- The more senses we use the better we will retain something. For the information that is black and white such as formulas and definitions if you copy and say them out loud 10 times you are about 80% likely to retain that information. I use note cards for the information so I am killing three birds with one stone. So I am reading, writing and saying out loud ( not whispered in my head) the definition I need to retain.
- When you are planning for a test you should always look to see if they have a layout of the test or a blueprint. This will allow you to spend your time effectively. If 50% of the test is on 1 or 2 topics than 50% of your study time should go into that topic however if 10% of the test is on a subject you should only spend 10% of that time studying that topic.
- Always start studying by taking a sample test. This lets you know what your strengths and weaknesses are. You will be amazed what you actually know.
- Always read the answers before you read the question. This allows your brain to know what answers are available and will search for the correct answer to the question.
- Make sure if there is a specific book they suggest you use that you have access to a copy of it. If it is a sleep test you should have an AASM scoring manual and the Articles written by the AASM on titrations. If it respiratory therapy you should use the texts that your school uses and check the NBRC and AAST websites for articles on new therapies and standard procedures for delivery.
- Give yourself enough time to study. You should start studying for a test 6 months prior to the test. If it is a test you can take upon graduation than you should take it as soon as possible. The longer you wait the more information you will loose. However if you are preparing for a test where you are not taking a course than you should spend at least 6 months preparing and studying a little each day. Cramming will do nothing but make you nervous and you will not retain the material you need.
- Always sleep well while you are studying. You all know that if you do not sleep well the information will not move from short term memory to long term memory.
I I was chatting with some technicians the other night who were concerned about remembering everything they needed for taking their test. As I was talking with them I realized no one had ever taught them how to study or how to take a standardized test effectively. This surprised me since we have to take so many tests in this day and age. So where did the lessons in how to manage our time effectively go. I am not sure, but I thought I would share some of the best tips and tricks I was taught to help me study.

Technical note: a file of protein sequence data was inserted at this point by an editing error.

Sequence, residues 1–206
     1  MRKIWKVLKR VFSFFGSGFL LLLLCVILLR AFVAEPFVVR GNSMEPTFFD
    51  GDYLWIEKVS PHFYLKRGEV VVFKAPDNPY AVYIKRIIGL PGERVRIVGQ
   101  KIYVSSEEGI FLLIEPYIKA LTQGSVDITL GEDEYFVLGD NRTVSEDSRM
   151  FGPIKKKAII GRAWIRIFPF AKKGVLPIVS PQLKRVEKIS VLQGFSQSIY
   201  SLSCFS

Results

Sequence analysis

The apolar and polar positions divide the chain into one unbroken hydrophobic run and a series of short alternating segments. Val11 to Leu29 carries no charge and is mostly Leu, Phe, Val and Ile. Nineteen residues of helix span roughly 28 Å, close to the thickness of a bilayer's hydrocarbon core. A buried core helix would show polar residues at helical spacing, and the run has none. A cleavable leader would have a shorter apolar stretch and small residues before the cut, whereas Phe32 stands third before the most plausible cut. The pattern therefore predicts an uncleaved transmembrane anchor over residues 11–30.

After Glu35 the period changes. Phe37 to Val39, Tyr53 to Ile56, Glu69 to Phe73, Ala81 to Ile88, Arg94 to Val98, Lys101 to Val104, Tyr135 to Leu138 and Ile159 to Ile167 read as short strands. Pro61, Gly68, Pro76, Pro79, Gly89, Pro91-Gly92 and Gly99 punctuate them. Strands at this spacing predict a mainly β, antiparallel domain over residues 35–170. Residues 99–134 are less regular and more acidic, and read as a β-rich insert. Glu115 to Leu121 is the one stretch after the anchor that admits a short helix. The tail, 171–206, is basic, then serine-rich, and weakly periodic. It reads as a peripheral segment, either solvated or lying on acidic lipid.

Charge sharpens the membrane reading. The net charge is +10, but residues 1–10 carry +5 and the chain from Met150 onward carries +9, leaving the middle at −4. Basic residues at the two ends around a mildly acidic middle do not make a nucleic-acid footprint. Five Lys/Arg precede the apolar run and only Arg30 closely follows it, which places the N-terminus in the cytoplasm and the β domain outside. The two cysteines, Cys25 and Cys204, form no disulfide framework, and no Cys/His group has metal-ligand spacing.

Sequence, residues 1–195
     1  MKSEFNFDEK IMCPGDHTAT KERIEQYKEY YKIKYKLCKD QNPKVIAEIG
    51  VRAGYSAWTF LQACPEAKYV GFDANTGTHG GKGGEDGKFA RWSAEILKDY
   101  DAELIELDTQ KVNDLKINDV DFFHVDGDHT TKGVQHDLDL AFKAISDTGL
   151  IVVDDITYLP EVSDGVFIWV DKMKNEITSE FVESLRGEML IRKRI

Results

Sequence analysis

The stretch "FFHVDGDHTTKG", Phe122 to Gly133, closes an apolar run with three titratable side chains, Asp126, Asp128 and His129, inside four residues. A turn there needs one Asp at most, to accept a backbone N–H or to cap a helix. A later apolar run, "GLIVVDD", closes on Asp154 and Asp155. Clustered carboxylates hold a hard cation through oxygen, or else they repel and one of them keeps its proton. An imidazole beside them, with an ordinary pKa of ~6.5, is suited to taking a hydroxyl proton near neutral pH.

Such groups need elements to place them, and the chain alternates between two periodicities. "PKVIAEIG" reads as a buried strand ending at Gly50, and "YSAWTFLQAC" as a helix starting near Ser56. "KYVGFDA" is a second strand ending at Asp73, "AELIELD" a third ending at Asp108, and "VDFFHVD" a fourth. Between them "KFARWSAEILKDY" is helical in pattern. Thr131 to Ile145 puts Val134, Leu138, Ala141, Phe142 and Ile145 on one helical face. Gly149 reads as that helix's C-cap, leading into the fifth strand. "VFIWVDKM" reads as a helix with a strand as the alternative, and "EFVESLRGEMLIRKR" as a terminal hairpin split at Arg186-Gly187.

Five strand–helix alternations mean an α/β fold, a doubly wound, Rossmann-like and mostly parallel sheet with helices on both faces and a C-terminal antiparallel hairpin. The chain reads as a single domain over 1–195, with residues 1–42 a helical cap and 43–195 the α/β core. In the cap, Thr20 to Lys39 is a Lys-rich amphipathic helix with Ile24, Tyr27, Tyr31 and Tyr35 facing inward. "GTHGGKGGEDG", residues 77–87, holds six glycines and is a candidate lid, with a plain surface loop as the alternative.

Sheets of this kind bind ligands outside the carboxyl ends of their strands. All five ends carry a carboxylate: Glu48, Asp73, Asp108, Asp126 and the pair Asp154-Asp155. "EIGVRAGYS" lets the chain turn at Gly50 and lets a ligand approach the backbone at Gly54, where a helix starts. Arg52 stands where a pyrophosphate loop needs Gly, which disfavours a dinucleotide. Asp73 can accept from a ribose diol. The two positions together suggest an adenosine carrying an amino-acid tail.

I received an E-mail from the National Association of Respiratory Therapists the other day saying congratulations on the anniversary of you credentials. It made me thing how long I have been around the field of respiratory and sleep and what changes have I seen. It also allowed me to draw several parallels from the two fields.
When I went to school in Paramus NJ back in the 1980’s Respiratory therapy still had many OJTs in the field. They did not have licensure. They had many school with certificate programs rather than AAS degrees and there were only a handful of BS degrees in the country. It was a young field with a great deal of potential and was finding its way in the healthcare arena.
I was truly lucky I had the best instructors who allowed me to see a great future in the field and drove me to be the best therapist I could be. They encouraged the whole class to take not just our CRTT exam but to take our RRT as soon as we were eligible. They taught us not just the minimum we needed to pass the exams but also those skills we would need to grow with the field. It was truly a program ahead of its time. When I look at where many of my classmates are I see several who have run departments and gone into management and I believe there are a teacher or two from then as well.
When I look at the field of sleep which I have been in for 10+ years ( I know where does the time go) I see so many parallels and I am excited about its future because I see so many great people stepping up to the plate and leading. I see programs starting to develop across the country. I have even had a hand in one. I see people taking on leadership roles and state societies emerging and helping to develop licensure laws. I even see a future where sleep will need its own degree program in order to keep up with the field as a while. That is if we can stop the infighting and focus on the future instead of who is right and who is wrong. We need to take that leadership on ourselves instead of letting other people take it over.
What do I see has happened to me and my job since 1987 when I graduated my Respiratory program, I see a world where we have changed how patients are treated when it comes to breathing disorders. I see a world where care has more scientific study than ever before. I see a great deal of potential.